'Crowning jewel' of national shrine — Trinity Dome Mosaic — dedicated

IMAGE: CNS photo/Tyler Orsburn

By Carol Zimmermann

WASHINGTON (CNS) — The overflowing
congregation at the Basilica of the National Shrine of the Immaculate
Conception hardly needed reminding to raise their “eyes to the
heavens” during a dedication of the Trinity Dome Mosaic Dec. 8.

Before Mass began, all eyes were
already on the newly completed gold dome above the front central section of the
Upper Church.

When it was blessed during Mass, incense rose above the
congregation and bright lights were turned on to give a better view of the newly
finished dome that includes the words of the Nicene Creed encircling the base
and a depiction of the Holy Trinity, Mary, the four Evangelists, angels and
more than a dozen saints connected to the United States or the shrine.

During the blessing and before
and after Mass, phones and cameras were held aloft to capture the completed
work more than two years in the making. But it would take more than a few
pictures to capture the details in this majestic work of art described as the
“crowning jewel” of the national shrine during introductory remarks by Msgr.
Walter Rossi, the rector.

The dome mosaic is composed of
more than 14 million pieces of Venetian glass covering more than 18,300 square
feet of the dome’s surface. Its completion marks the final step in finishing the
work of the Upper Church that began in 1955.

The dome was dedicated,
fittingly, on the feast of the Immaculate Conception, reflecting the basilica’s
namesake. The dedication Mass was celebrated by Washington Cardinal Donald W.
Wuerl and Cardinal Kevin J. Farrell, prefect of the Vatican’s Dicastery for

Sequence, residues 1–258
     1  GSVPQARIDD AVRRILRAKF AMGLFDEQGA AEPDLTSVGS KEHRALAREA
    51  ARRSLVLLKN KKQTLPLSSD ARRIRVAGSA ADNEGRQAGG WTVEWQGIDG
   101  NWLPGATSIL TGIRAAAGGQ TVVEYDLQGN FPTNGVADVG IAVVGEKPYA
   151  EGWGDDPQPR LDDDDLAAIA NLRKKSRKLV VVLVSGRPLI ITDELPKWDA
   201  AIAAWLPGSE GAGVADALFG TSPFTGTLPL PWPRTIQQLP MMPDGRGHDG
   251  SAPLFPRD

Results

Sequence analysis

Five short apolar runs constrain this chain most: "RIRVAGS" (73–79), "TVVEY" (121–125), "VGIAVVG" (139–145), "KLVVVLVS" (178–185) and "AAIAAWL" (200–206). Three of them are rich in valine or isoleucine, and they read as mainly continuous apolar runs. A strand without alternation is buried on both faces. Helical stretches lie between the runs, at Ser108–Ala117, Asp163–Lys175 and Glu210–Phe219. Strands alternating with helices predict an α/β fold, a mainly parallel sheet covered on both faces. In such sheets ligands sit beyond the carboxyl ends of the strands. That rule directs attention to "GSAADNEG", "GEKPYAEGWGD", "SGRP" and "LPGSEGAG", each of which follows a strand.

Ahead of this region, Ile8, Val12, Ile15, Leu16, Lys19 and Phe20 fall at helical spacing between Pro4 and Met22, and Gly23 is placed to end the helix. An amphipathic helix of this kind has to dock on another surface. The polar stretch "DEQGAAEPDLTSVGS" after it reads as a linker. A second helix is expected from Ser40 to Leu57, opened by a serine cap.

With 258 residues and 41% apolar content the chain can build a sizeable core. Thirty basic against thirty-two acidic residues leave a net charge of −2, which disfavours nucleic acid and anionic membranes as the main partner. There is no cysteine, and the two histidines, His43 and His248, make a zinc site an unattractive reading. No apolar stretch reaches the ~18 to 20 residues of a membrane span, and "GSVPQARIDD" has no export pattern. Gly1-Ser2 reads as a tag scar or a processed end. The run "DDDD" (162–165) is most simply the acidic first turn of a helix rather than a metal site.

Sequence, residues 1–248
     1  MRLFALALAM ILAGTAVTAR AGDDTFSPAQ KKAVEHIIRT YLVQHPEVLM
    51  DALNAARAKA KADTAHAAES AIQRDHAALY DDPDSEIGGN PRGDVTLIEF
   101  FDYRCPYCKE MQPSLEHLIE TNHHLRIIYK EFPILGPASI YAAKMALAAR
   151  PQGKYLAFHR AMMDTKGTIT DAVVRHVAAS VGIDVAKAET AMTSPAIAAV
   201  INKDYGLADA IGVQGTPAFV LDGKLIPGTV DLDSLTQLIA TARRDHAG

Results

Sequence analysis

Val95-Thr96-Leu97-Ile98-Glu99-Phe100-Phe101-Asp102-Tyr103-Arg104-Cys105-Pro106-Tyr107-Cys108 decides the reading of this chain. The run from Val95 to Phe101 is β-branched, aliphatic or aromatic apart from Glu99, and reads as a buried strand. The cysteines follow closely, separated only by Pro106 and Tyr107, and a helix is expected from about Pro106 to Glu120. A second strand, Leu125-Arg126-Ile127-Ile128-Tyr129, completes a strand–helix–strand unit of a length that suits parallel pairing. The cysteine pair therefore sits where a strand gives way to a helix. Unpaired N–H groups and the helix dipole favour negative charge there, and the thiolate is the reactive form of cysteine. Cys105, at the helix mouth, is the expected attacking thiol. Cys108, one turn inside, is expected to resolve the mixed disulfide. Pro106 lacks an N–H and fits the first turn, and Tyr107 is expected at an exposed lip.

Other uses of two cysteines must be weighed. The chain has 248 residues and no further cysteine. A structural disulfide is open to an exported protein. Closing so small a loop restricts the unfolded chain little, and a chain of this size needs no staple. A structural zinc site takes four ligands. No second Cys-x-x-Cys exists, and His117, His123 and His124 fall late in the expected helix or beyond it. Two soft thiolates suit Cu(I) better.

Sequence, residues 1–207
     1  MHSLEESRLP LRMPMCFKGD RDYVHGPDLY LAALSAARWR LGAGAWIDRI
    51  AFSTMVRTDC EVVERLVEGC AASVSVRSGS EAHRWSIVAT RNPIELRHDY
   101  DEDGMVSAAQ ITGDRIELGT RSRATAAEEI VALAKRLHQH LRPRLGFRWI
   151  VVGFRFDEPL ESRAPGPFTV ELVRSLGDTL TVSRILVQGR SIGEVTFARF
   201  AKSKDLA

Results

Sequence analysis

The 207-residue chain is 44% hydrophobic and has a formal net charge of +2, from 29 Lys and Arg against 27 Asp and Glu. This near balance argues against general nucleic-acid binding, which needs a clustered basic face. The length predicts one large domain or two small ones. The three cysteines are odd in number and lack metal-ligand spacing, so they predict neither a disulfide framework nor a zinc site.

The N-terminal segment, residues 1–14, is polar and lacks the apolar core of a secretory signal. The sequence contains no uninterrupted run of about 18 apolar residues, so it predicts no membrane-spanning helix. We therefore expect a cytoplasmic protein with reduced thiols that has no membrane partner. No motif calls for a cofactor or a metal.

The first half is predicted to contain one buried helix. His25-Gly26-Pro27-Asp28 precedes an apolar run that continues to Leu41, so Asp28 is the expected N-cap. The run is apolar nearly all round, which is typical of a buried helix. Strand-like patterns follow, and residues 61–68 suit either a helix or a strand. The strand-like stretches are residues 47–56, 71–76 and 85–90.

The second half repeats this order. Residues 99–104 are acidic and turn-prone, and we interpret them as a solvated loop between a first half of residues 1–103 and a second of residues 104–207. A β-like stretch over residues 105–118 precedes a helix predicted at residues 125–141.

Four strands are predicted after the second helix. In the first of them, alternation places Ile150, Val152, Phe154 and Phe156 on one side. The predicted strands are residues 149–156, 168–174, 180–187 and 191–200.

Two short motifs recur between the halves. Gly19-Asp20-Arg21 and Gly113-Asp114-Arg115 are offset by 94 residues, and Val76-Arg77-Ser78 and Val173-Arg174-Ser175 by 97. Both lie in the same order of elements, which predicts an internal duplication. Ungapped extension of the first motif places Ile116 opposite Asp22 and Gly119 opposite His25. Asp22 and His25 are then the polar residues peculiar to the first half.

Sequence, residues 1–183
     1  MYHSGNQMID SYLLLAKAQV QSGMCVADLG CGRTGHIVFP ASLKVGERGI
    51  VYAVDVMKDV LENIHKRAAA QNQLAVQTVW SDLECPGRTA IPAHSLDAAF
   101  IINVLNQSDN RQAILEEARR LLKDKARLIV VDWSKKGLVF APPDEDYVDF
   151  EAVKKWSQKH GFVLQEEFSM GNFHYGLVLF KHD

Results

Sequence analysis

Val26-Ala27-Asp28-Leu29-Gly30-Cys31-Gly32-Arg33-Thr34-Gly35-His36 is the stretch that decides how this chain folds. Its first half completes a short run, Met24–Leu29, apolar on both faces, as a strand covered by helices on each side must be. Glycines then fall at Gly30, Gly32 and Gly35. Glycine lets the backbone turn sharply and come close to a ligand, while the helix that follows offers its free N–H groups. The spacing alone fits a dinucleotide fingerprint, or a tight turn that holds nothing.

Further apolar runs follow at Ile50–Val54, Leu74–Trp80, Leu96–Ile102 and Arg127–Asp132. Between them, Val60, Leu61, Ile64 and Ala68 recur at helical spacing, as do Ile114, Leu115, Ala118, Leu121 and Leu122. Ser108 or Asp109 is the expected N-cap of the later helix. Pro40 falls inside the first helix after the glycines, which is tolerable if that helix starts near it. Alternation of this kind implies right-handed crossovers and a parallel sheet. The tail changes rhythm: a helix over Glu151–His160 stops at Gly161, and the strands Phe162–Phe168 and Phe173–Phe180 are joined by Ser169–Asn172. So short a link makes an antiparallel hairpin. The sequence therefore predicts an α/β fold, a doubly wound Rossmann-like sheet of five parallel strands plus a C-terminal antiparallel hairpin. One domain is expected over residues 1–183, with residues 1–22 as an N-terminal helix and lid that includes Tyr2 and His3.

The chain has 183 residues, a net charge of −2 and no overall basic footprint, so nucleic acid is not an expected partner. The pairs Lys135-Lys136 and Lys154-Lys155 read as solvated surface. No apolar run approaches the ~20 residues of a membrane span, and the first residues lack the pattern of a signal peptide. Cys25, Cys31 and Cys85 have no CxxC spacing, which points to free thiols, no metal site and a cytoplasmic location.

Laity, the Family and Life, who was named by Pope Francis to be his special
envoy at the dedication Mass.

Other cardinals concelebrating
the Mass included Cardinals Theodore E. McCarrick, retired archbishop of
Washington and Justin Rigali, retired archbishop of Philadelphia, along with Cardinal
Daniel N. DiNardo of Galveston-Houston, president of the U.S. Conference of
Catholic Bishops. They were joined by more than two dozen bishops and 90 priests.

Cardinal Wuerl pointed out in
his homily that the mosaic tiles in the dome are symbolic of the living body of
Christ regularly filling the pews of the shrine and reflecting the church’s diversity.

He urged the congregation of
families, women religious, students and people of all ages and ethnic
backgrounds who filled the pews, the side chapels and stood in the back at the
dedication Mass to always look to this “great majestic dome mindful of our
prayer to Mary” and ask for her intercession.

He said Mary is the model of “what
our faith should be” because she believed that nothing was impossible with

The cardinal said he remembered
coming to the shrine when he was a student at The Catholic University of
America in the 1960s when the walls were simply brick except for the mosaic
image of the Risen Christ at the front of the church.

He also noted that the
completion of the dome finishes a work that began nearly 100 years ago when the
shrine’s cornerstone was placed in 1920.

As construction began on the National
Shrine, as it was then called, Catholics across the country were invited to
contribute however they could. Some donated pieces of gold jewelry and even
precious stones, the cardinal said, which were fashioned into what came to be
known as the “first chalice of the National Shrine” and was used at
the Dec. 8 mosaic dedication.

When Pope Francis was at the
shrine in 2015 to celebrate Mass and canonize St. Junipero Serra, he also
blessed a piece of the mosaic: the words for the beginning and end of the
Nicene Creed: “I believe in one God” and “Amen.”

At the end of the dedication Mass,
Msgr. Rossi thanked the artists and workers, some of whom were seated at the
front of the church, for their work on the mosaic, which was done in Italy and
shipped in 30,000 sections weighing 24 tons. He pointed out that no one was
injured and no damages occurred in the installation.

He also thanked the many donors
who contributed to the dome work and gave to the shrine’s one-time national
collection for the project on Mother’s Day.

“This crowning jewel of Mary’s
shrine is really your work, your gift to the Blessed Mother,” he said.

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